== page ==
RBS opens in China

RBS opens securities JV in China

Royal Bank of Scotland opens the doors to its new joint venture in China, hoping to ride the mainland’s booming IPO market.

Royal Bank of Scotland has opened its China securities joint venture with Guolian Securities, making it the first British-based bank with a licence to underwrite stocks and bonds issued in mainland China.

The new entity is called Huaying Securities and is based in Wuxi, which RBS described in a release as “a booming city bordering Shanghai”. Even so, RBS’s ambitions are not limited to Wuxi or even Jiangsu province – it hopes to source investment banking business throughout China in a bid to capture a slice of the country’s red-hot IPO market and compete with the banks already running securities operations on the mainland, namely Goldman Sachs, UBS, Credit Suisse and Deutsche Bank.

“RBS has built one of the most comprehensive range of services offered by a foreign bank operating in China and this securities joint venture completes the last piece of our jigsaw puzzle,” said John McCormick, RBS’s Asia-Pacific chairman. “China is a core market for RBS and this joint venture allows us to participate fully in the opening up of China’s securities market, and to serve the needs of our global, Asian and Chinese clients.”

Huaying is the first securities joint venture to open in China this year, but J.P. Morgan and Morgan Stanley, which first announced tie-ups at the start of this year, could soon follow with the opening of their own China securities businesses.

Morgan Stanley is partnering with Huaxin Securities (also known as China Fortune Securities), while J.P. Morgan will team with First Capital Securities. The two banks won their licences on December 31 last year, while RBS secured its licence in November.

Like most securities joint ventures, Huaying will be two-thirds owned by the local partner while RBS will hold a one-third stake. A spokesperson at the bank said that RBS would have the right to nominate directors and senior executives.

“We are confident that with the mutual effort from both sides of the partnership, as well as the team in our securities JV, Huaying will become a leading Chinese securities house with international vision and expertise,” said Lei Jianhui, chairman of Guolian, which has been in business since 1992 and provides a wide range of security brokerage and financial advisory services across 40 branches in key cities in China.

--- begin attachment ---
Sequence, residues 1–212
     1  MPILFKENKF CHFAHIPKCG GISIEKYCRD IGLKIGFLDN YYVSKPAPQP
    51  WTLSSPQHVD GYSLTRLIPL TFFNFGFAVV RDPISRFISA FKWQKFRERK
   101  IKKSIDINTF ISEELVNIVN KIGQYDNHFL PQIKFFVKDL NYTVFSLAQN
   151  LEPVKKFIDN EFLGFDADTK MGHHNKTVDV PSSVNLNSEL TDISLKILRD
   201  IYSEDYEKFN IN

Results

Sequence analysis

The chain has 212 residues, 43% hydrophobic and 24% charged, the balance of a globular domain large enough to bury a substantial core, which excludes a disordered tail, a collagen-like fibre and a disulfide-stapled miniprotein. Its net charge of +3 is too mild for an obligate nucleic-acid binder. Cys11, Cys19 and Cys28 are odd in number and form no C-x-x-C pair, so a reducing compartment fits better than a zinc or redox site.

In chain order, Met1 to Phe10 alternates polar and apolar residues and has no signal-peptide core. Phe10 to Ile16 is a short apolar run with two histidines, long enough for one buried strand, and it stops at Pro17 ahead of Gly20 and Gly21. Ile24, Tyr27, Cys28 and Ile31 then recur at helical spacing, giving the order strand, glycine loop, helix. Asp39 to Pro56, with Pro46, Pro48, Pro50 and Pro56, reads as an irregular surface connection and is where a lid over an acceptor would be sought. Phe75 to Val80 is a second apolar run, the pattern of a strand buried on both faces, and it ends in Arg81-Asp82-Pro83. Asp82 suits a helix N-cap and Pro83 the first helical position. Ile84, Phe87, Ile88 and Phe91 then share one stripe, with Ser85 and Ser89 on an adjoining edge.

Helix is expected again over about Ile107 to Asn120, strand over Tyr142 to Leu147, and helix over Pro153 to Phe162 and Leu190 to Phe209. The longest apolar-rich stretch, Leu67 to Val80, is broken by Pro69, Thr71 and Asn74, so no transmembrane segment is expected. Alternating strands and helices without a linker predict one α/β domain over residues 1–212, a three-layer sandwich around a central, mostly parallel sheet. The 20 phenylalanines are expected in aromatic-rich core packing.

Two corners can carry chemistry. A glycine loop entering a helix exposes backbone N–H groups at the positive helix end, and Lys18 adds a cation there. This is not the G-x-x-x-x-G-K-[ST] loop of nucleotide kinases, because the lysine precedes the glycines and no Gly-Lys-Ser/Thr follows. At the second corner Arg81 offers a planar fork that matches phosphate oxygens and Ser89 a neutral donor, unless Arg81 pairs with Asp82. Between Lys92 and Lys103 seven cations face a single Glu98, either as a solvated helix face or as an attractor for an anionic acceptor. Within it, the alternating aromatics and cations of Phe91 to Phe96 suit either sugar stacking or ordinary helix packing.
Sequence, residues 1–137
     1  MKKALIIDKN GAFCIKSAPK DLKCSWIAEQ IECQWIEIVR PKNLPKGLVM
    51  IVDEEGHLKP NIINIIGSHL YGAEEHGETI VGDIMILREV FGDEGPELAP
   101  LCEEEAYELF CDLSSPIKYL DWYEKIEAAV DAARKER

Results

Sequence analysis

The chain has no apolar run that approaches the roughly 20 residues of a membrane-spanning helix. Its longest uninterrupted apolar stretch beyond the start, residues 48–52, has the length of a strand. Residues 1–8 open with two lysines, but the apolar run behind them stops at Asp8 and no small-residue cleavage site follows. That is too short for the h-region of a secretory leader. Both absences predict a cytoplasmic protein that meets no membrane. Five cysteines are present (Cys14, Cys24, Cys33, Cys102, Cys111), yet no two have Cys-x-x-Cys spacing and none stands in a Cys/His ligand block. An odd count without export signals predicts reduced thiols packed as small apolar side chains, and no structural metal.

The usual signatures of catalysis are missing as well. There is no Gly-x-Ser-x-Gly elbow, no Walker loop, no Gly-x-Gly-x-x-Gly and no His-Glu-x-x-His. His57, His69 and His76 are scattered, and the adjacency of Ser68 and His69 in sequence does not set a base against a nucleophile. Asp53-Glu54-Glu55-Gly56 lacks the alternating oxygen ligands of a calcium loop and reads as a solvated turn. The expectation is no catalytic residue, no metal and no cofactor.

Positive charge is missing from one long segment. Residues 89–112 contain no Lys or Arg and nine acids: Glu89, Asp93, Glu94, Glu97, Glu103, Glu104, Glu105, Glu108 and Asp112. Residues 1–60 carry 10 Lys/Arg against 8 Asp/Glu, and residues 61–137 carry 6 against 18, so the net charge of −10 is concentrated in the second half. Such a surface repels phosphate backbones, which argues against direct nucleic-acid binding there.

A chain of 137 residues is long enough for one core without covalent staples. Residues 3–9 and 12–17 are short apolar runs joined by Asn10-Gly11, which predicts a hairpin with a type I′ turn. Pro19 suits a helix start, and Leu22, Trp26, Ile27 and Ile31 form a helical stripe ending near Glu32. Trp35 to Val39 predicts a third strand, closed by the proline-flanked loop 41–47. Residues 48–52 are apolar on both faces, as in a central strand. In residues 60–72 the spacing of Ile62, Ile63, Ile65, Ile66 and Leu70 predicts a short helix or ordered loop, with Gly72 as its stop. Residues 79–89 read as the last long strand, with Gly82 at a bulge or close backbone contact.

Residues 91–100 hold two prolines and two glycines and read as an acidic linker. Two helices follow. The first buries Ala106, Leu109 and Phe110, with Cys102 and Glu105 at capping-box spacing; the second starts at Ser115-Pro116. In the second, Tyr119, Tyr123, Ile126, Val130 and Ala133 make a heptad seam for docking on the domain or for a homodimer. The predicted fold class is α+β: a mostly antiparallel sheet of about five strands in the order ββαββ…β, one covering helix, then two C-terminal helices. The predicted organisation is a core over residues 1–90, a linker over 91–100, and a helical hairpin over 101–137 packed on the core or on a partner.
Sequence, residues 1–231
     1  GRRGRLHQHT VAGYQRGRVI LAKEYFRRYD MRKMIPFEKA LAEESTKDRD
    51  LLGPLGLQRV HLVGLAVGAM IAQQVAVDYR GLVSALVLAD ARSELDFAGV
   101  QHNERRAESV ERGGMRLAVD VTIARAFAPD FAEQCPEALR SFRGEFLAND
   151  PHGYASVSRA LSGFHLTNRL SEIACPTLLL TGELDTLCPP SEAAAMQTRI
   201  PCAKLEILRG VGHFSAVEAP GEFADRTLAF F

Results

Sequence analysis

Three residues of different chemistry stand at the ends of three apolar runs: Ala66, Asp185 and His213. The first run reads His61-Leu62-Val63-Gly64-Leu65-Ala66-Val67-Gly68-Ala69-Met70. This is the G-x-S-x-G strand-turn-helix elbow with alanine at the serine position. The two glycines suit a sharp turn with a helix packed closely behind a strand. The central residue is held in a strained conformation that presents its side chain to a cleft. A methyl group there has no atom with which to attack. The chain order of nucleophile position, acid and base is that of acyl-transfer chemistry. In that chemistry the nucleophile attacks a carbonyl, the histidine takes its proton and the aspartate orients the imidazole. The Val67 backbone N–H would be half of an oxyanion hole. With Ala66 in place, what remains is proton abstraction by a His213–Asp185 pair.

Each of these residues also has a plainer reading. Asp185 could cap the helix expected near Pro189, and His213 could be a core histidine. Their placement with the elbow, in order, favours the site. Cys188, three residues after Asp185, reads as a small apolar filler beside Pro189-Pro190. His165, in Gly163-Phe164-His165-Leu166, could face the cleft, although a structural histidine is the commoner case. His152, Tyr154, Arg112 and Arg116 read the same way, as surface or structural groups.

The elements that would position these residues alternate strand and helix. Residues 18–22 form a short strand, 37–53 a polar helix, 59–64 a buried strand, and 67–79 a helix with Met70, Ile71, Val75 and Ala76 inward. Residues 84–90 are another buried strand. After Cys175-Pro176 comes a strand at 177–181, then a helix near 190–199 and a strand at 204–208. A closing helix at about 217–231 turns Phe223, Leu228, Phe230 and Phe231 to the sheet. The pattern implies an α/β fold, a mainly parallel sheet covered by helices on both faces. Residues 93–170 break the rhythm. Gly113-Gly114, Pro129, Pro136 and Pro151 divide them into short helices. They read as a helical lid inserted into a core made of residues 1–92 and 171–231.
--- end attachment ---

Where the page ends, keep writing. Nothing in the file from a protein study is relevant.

RBS’s other operations in China include a locally incorporated bank headquartered in Shanghai, a wholly owned leasing company in Beijing, a 20% stake in a joint venture with Suzhou Trust and a 17% stake in Galaxy Futures.

Before the crisis, RBS owned a stake in Bank of China but sold it for £1.6 billion in 2009 as it tried to raise capital to stay afloat. It took £45 billion from British taxpayers to save RBS in the end, which was equivalent to the group’s previous five years’ pre-tax profits.

The Edinburgh-based bank did not say how much it paid to secure the joint-venture deal with Guolian, but it will hope the deal pays off with a lucrative share of China’s investment banking work.

As RBS pointed out in a statement announcing the new venture, China was the world’s biggest IPO market in 2010, with 346 newly listed companies raising $83.7 billion in the domestic A-share market, a 160% increase from the previous year in terms of capital raised.

This huge IPO market has attracted most of the headlines, but China also has its fair share of borrowers – last year, Chinese investment-grade companies raised more than $137 billion, ahead of Japan and the US.

Realistically, RBS faces stiff competition, not only from the existing joint ventures, but even more so from Chinese securities firms. To break its way in, Huaying plans to target China’s growing entrepreneurial sector: small and medium-size private businesses that are looking to raise money in the equity capital markets for the first time.

¬ Haymarket Media Limited. All rights reserved.
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